On the formation of the Batavian Republic in 1795, Van Merlen transferred to the army of the new nation. He also moved from the infantry to the cavalry, though this necessitated a drop in rank, becoming a 1st Lieutenant in the Batavian Hussars on 10 July 1795. On 4 April 1798 he was promoted to Ritmeester , a rank equivalent to captain. The following year, his regiment helped defeat the Anglo-Russian invasion of Holland, with Van Merlen fighting at Bergen, Alkmaar and Castricum. In 1800 he was campaigning along the Main, distinguishing himself at the battle of Oberschwach and the siege of Würzburg. [2] In 1805, Van Merlen's regiment formed part of Auguste de Marmont's II Corps, and played a part in the Ulm campaign. [4]

When the Batavian Republic became the Kingdom of Holland in 1806, Van Merlen found favour with King Louis and was made a Lieutenant Colonel in the Royal Guard Hussars on 23 October 1806. Three days later he was marching with the Dutch army into Germany to support French forces in the war with Prussia. He saw service near Ertzen on 7 November 1806 and drove the Prussian vanguard into Hamelin. However, a dispute arose between Louis and his brother Napoleon which resulted in the Royal Guard being returned to The Hague without seeing further action. [2]

Van Merlen was promoted to Major on 6 April 1807, and to Colonel on 5 March 1808. He was placed in command of the newly formed Gardes te Paard (Horse Guards) Regiment, which consisted of hussars and cuirassiers. However, he seems to have offended King Louis and had to leave the court, becoming colonel of the 3rd Hussars who were already serving in the Dutch Brigade and fighting in the Peninsular War. He joined his new regiment in Spain and led it in the battles of Talavera, Arzobispo, Almonacid and Ocaña. [2] By this time casualties had reached such a level that Colonel van Merlen sent two squadrons of sick and disabled back to Holland in June 1810, retaining just a single squadron under his command in Spain. [5]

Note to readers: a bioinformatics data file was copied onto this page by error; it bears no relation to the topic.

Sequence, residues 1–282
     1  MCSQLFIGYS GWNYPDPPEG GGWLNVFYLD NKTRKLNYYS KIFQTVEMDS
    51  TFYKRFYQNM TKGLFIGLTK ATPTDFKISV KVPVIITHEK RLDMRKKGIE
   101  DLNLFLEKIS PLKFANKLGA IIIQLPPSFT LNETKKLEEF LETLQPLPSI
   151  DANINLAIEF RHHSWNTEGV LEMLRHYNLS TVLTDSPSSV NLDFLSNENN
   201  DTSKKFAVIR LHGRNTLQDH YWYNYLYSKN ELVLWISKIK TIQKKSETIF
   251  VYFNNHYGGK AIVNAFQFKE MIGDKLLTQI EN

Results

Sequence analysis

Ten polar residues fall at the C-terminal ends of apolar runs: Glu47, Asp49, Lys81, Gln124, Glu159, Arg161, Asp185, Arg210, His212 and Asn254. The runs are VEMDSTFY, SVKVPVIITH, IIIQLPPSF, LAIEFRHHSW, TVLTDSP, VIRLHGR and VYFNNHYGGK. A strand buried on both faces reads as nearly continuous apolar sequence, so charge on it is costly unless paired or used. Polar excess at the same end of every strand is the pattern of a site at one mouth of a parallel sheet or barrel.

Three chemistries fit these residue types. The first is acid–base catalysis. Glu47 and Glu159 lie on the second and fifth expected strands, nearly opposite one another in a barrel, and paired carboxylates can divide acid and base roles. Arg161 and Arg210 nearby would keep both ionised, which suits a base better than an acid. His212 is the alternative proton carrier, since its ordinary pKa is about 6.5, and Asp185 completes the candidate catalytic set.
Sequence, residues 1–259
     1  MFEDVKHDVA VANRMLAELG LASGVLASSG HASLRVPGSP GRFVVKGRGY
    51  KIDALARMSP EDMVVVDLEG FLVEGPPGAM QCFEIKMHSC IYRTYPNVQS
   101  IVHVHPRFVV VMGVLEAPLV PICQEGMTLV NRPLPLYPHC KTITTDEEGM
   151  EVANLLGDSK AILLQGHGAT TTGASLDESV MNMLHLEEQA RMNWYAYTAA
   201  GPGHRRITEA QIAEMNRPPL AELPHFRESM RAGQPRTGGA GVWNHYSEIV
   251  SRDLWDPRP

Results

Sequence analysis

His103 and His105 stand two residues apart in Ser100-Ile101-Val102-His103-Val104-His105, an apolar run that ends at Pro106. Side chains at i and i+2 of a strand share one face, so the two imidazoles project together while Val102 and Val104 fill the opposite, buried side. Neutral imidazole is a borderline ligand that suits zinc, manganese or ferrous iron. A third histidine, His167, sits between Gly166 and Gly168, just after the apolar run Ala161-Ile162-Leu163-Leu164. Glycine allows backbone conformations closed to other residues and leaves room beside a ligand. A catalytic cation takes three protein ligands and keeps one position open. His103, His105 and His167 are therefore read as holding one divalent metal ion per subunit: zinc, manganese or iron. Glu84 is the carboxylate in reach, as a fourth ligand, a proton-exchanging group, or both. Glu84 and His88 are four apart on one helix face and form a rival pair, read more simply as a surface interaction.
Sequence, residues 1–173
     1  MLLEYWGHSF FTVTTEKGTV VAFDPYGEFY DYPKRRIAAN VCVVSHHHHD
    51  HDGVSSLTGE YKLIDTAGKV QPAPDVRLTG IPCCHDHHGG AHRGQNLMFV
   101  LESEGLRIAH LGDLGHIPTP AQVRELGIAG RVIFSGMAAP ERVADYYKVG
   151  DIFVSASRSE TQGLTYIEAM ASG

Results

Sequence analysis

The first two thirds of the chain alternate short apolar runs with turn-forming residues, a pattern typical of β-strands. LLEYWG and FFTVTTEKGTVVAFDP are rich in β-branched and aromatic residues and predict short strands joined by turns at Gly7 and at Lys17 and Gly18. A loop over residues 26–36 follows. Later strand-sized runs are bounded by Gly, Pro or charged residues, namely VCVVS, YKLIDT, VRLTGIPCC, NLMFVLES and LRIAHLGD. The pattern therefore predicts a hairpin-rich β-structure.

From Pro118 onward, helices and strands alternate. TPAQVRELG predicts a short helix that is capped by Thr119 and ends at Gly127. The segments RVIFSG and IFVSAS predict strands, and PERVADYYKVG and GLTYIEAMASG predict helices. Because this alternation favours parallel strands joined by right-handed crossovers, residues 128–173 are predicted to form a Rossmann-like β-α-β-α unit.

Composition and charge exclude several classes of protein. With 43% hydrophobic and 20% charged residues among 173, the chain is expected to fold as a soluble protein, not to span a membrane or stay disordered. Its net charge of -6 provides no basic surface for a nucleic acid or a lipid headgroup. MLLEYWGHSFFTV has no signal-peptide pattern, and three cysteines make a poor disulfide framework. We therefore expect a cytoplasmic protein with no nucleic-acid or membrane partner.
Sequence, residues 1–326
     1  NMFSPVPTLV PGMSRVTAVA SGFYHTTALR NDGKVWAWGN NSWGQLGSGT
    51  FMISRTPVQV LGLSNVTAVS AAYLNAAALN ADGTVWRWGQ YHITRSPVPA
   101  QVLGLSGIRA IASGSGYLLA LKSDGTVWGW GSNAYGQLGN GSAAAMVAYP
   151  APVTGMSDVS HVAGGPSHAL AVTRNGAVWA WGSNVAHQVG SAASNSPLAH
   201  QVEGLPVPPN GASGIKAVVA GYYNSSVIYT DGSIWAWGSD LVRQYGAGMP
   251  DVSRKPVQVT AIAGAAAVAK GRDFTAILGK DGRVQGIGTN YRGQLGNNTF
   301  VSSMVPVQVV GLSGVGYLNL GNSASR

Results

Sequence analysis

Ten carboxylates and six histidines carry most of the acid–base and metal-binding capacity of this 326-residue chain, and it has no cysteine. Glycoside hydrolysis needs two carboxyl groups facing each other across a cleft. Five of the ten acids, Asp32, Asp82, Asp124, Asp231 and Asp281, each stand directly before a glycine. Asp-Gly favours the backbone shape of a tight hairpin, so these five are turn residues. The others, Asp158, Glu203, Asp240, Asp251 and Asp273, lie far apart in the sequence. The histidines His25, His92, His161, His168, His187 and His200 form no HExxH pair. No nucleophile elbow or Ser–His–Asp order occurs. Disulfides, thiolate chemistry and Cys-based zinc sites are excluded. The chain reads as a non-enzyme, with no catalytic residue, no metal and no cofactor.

French empire

When the Kingdom of Holland was annexed by France in July 1810, Van Merlen found himself once more in French service. On 11 November 1810 he was transferred to the 2nd Regiment of Lancers in the French Imperial Guard, [6] the "Red Lancers", which was formed mainly for former members of the Dutch Royal Guard. He remained serving in Spain, and it was not until 11 March 1812 that his remaining hussars formally became the fifth squadron of the Red Lancers, with him as their colonel. When the Lancers departed to take part in the French invasion of Russia, Van Merlen remained at Versailles in command of the regimental depot. Here, he played a part in suppressing the Malet coup of 1812. [2]